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Spain has long been a popular destination for European digital nomads thanks to the excellent weather, interesting culture, and affordable cost of living.

The introduction of the new Spanish digital nomad visa is sure to see an influx of remote workers and digital entrepreneurs from around the world.

We anticipate that this will result in a major 鈥渦pgrade鈥 in facilities for digital nomads, including coworking and coliving spaces. Spain will surely be one of the most exciting places in the world for digital nomads in the coming years.

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FAQs About Spain Digital Nomad Visa

Does Spain have a digital nomad visa?聽

As of January 2023, Spain has a digital nomad visa scheme that allows remote workers and freelancers to live and work in Spain for a year (renewable for up to five years) as long as they meet the minimum income requirement, currently set at just 鈧2,334 per month for an individual.

What is the difference between a Spain digital nomad visa and a tourist visa?

The standard Spanish tourist visa allows visitors to stay for up to 90 days during any six-month period and does not offer access to a residency permit to enable travel around the rest of the Schengen area. The digital nomad visa can be renewed for up to five years if the applicant continues to meet the criteria.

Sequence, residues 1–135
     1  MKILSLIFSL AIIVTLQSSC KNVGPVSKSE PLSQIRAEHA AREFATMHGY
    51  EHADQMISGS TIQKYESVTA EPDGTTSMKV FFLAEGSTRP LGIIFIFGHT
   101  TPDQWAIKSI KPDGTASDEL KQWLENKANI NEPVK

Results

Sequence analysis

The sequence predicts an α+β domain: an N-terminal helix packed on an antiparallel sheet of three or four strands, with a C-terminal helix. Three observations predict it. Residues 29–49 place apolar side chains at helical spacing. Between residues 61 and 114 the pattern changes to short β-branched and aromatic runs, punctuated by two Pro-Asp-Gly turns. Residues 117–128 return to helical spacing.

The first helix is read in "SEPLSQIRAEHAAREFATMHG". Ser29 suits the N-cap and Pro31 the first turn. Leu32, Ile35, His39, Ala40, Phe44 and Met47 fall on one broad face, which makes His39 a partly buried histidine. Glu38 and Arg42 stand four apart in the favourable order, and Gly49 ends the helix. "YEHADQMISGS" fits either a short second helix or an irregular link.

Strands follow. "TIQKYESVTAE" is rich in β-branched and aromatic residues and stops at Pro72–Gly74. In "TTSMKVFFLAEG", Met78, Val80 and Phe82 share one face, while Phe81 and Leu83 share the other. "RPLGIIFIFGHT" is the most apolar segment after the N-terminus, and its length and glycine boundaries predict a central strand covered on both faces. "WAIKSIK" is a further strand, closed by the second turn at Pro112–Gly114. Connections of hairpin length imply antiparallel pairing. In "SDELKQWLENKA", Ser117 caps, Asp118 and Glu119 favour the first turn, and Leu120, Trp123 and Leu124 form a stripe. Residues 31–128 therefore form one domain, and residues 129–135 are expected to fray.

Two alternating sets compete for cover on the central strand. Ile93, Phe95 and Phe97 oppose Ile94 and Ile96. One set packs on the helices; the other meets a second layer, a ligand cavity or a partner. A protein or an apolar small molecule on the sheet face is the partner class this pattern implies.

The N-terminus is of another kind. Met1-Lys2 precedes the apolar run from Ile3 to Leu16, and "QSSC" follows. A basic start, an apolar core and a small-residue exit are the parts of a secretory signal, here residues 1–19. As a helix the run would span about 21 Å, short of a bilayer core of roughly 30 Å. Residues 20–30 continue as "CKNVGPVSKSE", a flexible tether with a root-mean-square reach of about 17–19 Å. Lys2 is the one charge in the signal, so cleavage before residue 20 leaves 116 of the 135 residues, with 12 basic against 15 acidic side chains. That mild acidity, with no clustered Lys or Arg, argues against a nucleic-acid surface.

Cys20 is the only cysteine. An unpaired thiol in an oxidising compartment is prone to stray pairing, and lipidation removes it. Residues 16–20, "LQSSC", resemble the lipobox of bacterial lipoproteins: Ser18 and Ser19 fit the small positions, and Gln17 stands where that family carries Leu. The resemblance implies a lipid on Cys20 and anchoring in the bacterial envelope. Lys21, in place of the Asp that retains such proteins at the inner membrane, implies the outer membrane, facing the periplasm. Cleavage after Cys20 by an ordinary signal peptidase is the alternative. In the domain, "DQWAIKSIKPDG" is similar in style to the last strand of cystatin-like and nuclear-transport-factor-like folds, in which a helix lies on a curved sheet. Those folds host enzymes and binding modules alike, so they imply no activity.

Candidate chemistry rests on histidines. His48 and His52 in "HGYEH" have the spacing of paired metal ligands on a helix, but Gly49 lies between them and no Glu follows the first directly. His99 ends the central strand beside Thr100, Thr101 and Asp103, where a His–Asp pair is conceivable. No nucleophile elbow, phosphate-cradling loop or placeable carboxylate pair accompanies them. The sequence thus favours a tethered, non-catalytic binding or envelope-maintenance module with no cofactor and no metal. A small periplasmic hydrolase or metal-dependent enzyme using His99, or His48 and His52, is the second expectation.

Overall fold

What is the length of the Spain digital nomad visa?

The Spanish digital nomad visa will be granted for up to one year in the first instance, although it could be granted for a shorter period if the applicant is on a short-term contract. The visa is renewable for up to five years if the applicant continues to meet the criteria. After five years of continuous residence, you can apply for permanent residency.

Is it possible to extend the Spain digital nomad visa?

Yes, it is possible to extend the Spanish digital nomad visa for up to five years as long as you continue to meet the remote worker and income requirements. You must spend at least six months of the year in Spain to be eligible to renew for another year. After five years on the visa, you are eligible to apply for permanent residency.

How long does it take to complete the entire application process?